As it turns out, when you apply this to bike lanes, it makes them more economical per added QALY than, say, kidney dialysis, which costs over $100,000 per QALY—although not quite as cost-effective as standard vaccines, which cost in the low hundreds of dollars per QALY, Mohit said.

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Bicycling is the Safest Form of Transportation

In Toronto, the car rules the road so much so that the city is fine with non-driver (that’s everyone) deaths, and the city won’t do much to stop drivers from killing. Sadly, Toronto isn’t a unique case. In far too many places bicycling infrastructure is an afterthought that plays second fiddle to cars. Despite this lack of support for safety, riding a bike is still the least dangerous way to get around.

Bicycling is so safe that you can actually lengthen your lifetime by riding! Mr Money Moustache ran the numbers and found out that statistically no matter where you live you’ll live longer by riding a bike! So get out there and get on a bike and remember the more people out there commuting via bicycle the safer the streets!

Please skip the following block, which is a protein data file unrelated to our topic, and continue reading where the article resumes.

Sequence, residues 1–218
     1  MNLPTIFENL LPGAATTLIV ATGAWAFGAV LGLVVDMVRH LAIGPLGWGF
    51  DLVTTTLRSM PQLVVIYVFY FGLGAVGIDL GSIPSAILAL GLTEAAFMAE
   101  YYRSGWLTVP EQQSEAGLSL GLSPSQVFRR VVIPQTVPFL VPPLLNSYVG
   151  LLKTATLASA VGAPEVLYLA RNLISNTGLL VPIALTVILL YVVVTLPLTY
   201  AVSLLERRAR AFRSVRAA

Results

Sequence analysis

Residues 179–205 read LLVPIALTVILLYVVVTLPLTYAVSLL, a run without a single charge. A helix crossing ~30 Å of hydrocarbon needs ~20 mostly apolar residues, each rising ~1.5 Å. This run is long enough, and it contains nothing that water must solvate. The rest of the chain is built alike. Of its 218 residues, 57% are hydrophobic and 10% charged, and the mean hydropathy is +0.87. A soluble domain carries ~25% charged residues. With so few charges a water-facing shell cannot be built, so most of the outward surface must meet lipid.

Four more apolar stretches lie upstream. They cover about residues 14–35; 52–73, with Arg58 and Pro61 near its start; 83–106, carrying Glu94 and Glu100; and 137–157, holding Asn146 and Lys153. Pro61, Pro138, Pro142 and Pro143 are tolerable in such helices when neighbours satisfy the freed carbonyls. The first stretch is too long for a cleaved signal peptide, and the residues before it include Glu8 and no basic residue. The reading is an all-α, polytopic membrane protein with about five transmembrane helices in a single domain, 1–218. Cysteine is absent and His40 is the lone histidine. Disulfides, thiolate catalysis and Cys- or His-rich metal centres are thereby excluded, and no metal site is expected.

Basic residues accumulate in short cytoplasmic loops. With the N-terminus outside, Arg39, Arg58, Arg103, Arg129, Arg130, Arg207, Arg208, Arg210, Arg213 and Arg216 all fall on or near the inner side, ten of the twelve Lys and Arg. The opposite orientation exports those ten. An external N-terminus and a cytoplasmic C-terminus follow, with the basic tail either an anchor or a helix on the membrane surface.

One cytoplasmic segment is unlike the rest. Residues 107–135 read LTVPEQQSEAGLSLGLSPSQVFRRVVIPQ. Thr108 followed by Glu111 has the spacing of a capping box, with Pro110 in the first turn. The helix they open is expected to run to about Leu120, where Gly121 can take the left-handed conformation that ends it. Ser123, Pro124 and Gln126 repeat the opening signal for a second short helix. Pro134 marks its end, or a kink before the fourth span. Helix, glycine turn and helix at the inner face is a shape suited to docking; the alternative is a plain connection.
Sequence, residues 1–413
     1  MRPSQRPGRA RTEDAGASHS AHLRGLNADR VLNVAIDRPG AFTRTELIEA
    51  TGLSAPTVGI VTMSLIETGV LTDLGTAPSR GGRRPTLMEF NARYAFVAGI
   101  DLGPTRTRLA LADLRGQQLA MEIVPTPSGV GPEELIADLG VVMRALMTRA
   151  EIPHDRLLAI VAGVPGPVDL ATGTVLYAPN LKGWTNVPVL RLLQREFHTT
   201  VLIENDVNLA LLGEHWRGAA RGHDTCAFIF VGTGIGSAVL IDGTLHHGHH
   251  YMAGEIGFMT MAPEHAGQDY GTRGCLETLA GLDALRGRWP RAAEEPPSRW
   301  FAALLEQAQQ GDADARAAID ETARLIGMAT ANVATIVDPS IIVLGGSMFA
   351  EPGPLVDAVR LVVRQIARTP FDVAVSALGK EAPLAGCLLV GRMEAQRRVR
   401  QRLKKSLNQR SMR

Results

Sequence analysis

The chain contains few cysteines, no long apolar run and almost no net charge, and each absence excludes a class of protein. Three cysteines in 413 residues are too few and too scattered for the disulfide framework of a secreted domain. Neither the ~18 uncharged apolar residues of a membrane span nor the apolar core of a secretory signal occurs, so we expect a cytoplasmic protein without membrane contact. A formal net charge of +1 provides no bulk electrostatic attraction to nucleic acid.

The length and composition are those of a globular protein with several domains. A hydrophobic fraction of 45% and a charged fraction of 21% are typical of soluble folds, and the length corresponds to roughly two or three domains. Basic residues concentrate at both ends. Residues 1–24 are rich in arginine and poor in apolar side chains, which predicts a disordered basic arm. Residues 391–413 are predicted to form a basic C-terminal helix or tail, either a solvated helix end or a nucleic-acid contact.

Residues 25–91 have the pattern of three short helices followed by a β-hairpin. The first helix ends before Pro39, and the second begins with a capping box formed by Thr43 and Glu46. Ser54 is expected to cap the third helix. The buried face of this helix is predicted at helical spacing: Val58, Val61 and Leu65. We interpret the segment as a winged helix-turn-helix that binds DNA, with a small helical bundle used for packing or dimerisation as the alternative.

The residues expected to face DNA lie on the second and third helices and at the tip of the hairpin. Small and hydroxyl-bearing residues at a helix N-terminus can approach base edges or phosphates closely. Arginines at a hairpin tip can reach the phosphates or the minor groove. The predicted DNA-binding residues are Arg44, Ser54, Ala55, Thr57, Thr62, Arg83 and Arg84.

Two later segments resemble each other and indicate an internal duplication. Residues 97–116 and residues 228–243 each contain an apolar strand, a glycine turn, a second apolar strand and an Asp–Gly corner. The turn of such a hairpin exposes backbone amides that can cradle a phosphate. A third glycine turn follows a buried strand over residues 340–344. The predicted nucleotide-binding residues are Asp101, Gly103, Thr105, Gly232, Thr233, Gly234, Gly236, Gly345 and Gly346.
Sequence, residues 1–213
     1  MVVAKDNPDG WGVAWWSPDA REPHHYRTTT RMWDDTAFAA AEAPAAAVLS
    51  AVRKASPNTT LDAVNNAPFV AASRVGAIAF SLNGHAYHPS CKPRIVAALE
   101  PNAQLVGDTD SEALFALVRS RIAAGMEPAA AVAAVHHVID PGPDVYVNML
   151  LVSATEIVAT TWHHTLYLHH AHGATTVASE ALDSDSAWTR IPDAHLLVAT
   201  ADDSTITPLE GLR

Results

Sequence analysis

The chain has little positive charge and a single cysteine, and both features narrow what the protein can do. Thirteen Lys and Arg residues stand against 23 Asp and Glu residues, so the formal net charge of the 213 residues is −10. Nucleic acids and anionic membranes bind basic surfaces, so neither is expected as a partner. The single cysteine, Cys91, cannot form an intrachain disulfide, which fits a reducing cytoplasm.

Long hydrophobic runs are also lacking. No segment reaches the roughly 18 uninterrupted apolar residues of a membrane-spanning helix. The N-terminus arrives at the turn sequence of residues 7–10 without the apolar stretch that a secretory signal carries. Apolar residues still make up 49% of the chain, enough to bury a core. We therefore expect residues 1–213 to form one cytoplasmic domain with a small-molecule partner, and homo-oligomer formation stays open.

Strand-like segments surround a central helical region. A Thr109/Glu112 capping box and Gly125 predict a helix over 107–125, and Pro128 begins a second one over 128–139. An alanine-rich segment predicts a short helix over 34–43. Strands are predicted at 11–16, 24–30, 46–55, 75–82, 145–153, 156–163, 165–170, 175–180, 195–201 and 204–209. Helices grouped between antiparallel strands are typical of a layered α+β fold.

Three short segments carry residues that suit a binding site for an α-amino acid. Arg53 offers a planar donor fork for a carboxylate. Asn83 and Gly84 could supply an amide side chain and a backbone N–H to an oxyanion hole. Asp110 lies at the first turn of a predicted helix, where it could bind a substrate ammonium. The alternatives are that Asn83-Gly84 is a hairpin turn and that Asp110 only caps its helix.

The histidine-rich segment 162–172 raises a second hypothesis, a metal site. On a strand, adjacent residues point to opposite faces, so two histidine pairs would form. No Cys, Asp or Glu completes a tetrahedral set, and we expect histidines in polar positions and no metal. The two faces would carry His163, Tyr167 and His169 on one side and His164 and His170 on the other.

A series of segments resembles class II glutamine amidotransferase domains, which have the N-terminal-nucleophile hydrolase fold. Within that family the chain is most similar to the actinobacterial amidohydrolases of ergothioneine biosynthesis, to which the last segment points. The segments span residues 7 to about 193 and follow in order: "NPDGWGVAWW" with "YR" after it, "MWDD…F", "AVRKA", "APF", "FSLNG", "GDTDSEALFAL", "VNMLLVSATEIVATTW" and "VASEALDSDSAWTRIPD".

Riding a bike is not more dangerous than driving a car. In fact, it is much, much safer:

Under even the most pessimistic of assumptions:

  • Net effect of driving a car at 65mph for one hour: Dying 20 minutes sooner. (18 seconds of life lost per mile)
  • Net effect of riding a bike at 12mph for one hour: Living 2 hours and 36 minutes longer (about 13 minutes of life gained per mile)

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Drivers Need to Learn to Share

Bicycles are an amazingly fast way to get around cities and countries, as a cyclist I often roll past cars idling in bumper to bumper traffic. The cars (and their single occupants) aren’t getting anywhere anytime soon yet drivers as a group demand more and more infrastructure when really they should learn to share.